FT has described Arundhati Roy’s second novel, The Ministry of Utmost Happiness, as “Compelling”.
“Ultimately, Roy’s admirers will not be disappointed,” writes Claire Messud in her FT review. “This ambitious new novel, like its predecessor, addresses weighty themes in an intermittently playful narrative voice. Whereas The God of Small Things — the tale of Rahel and Esthappen, a pair of twins, and their family’s tragedies in Kerala, southern India — approaches big issues such as caste divisions and molestation through the personal and domestic, The Ministry of Utmost Happiness embarks from the outset with a broader societal perspective.”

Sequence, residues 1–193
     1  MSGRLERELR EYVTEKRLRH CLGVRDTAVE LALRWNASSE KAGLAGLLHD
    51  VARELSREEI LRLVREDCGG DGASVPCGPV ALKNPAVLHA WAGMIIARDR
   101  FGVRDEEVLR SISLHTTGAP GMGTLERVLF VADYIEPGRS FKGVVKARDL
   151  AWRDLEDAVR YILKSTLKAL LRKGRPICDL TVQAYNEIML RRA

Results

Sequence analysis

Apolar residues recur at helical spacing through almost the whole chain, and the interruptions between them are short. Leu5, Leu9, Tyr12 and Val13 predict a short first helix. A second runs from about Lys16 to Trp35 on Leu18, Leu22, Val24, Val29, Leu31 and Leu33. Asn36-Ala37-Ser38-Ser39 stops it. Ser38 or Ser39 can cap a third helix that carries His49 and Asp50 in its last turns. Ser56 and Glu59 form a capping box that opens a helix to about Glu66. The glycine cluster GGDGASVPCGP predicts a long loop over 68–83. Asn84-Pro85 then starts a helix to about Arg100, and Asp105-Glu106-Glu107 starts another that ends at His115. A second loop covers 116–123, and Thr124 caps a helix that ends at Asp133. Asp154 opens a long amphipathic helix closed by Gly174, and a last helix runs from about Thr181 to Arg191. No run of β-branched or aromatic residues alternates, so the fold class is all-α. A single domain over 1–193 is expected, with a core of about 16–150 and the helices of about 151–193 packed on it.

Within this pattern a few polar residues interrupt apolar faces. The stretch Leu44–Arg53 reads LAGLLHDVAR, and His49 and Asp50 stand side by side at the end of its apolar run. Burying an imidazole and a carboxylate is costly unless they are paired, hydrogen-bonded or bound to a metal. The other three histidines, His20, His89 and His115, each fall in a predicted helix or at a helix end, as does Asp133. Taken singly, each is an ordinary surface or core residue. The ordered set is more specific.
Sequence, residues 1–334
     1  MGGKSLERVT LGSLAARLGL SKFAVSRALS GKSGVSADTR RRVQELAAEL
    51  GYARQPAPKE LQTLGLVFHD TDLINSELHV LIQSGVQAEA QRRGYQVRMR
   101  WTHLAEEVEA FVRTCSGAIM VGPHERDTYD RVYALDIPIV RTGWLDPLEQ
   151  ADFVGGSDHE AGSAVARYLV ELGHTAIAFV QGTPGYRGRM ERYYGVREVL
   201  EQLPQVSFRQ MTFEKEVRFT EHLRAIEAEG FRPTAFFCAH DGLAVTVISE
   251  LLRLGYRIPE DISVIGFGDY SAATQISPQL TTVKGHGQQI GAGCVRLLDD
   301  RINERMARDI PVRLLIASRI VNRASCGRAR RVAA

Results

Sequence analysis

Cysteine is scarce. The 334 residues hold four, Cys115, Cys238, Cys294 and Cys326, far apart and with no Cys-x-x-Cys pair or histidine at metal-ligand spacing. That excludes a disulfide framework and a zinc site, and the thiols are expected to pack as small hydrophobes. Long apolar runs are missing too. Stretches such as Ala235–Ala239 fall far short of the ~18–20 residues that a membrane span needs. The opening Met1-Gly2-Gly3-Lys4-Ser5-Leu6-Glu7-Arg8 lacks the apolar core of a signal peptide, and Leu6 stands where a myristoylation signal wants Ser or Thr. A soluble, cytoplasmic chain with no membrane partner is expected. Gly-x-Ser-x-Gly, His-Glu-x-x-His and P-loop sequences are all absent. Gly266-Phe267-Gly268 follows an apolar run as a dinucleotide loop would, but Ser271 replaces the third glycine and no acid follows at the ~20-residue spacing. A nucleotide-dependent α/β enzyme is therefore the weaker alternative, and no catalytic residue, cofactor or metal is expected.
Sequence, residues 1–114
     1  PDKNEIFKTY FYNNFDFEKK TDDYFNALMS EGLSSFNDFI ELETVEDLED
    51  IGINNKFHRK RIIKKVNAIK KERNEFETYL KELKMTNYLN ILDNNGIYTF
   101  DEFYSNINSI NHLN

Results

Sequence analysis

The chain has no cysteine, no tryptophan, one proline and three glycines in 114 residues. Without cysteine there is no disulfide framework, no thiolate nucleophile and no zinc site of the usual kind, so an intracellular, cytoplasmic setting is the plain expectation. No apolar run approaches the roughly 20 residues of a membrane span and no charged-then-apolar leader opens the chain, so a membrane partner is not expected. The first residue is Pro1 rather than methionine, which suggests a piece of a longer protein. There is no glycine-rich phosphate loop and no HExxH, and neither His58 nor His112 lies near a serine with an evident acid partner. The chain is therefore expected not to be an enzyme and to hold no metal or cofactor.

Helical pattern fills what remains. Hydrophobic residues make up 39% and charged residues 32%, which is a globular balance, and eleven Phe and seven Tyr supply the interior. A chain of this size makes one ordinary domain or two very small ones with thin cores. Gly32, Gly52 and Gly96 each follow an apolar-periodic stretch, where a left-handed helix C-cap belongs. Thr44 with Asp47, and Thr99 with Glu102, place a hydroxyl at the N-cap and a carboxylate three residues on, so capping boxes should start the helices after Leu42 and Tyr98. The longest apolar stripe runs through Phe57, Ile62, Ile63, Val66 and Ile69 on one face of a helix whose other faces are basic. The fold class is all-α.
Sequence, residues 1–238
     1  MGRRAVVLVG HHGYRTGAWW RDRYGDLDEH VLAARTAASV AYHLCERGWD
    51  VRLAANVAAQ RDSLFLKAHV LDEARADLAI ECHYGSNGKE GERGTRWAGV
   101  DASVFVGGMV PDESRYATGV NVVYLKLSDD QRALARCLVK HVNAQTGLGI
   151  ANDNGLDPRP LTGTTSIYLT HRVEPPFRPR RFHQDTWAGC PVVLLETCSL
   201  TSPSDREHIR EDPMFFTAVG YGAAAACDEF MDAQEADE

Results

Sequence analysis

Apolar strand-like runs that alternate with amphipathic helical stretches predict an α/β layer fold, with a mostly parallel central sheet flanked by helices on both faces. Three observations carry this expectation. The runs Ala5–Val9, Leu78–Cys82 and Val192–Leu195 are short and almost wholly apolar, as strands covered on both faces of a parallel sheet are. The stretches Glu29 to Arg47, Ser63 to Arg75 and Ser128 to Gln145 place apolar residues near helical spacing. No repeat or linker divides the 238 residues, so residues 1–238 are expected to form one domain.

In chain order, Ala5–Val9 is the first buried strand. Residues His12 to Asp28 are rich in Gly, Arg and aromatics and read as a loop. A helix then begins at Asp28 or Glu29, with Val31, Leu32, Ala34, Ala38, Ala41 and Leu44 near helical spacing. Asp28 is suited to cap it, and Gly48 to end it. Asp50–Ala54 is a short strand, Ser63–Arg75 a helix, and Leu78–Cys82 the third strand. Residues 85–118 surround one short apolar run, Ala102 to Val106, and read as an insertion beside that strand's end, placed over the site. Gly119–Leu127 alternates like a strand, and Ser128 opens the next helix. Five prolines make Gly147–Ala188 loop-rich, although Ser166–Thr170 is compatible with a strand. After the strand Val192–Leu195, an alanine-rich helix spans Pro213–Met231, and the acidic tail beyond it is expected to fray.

“Now, finally, the second novel has come out, and it is clear that her politics have been part of its gestation,” writes Joan Acocella in the New Yorker. ““The God of Small Things” was about one family, primarily in the nineteen-sixties, and though it included some terrible events, its sorrows were private, muffled, personal. By contrast, “The Ministry of the Utmost Happiness” is about India, the polity, during the past half century or so, and its griefs are national. This does not mean that Roy’s powers are stretched thin, or even that their character has changed. In the new book, as in the earlier one, what is so remarkable is her combinatory genius.”